China’s sinking coal-mining towns are largely the result of a failure to implement existing environmental legislation, a top geological expert has told RFA. A three-decades-long coal-mining boom in the northern province of Shanxi has left hundreds of communities in imminent danger of sinking into the ground.
The Shanxi authorities say they now plan to relocate some 655,000 residents by the end of next year from former mining regions now deemed unsafe. The industry has cost the government around 77 billion yuan (U.S. $11.6 million) in economic losses, local officials estimate.
Yang Yong, a subsidence expert based in the southwestern city of Chengdu, told RFA that Shanxi had paid a heavy environmental price for its massive contribution to the Chinese economy through coal production.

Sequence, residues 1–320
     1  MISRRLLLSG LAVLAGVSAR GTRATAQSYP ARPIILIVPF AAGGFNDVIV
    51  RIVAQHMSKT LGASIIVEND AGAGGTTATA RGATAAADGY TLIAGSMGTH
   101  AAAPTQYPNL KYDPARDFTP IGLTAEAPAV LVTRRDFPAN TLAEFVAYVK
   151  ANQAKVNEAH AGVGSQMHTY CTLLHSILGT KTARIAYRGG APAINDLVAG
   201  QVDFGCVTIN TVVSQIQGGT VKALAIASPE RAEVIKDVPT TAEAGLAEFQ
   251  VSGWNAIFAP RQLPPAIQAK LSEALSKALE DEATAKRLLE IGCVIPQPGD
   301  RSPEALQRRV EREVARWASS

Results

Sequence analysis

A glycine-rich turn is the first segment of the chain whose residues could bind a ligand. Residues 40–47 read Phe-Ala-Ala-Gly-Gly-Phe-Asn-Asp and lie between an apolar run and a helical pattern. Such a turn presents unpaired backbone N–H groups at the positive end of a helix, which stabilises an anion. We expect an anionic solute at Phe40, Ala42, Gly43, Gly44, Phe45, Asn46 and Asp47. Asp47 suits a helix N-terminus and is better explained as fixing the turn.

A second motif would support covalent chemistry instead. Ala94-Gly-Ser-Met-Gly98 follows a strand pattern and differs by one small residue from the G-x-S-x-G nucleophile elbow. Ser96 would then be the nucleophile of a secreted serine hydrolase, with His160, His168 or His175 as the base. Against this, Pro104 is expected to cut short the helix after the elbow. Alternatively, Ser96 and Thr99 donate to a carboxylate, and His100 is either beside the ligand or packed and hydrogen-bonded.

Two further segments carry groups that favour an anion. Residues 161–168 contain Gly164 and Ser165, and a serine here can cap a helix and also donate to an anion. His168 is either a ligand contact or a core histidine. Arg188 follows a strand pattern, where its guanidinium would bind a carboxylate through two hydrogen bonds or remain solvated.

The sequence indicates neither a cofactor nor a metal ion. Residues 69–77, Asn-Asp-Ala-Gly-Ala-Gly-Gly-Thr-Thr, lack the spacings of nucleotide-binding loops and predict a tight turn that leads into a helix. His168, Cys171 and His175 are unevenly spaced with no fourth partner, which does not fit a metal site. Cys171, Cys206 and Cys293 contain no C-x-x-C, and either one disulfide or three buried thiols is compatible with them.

“There have been laws for quite some time in China saying that remedial operations must be undergone in mining areas, and limiting the amount of exploitation that can happen near river beds, major roads or infrastructure projects,” Yang said.
He said the rules also require mining operators to ensure the safety of villages on the surface near the mines.
“Pits that are opened up underground are supposed to be filled in again afterwards,” Yang said. “The same goes for open-cast mining.”
Yang said local officials are to blame for failing to implement the regulations.
“Why don’t they play a supervisory role?” he said. “Why are these rules not worth the paper they are written on?”
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